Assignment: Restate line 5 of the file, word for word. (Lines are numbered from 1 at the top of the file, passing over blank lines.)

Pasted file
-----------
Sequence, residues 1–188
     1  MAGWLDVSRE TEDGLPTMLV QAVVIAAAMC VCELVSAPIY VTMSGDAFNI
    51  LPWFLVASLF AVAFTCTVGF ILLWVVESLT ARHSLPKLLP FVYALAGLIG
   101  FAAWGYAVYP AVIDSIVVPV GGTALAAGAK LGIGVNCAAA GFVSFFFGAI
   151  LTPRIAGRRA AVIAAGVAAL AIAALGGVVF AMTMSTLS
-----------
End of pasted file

   151  LTPRIAGRRA AVIAAGVAAL AIAALGGVVF AMTMSTLS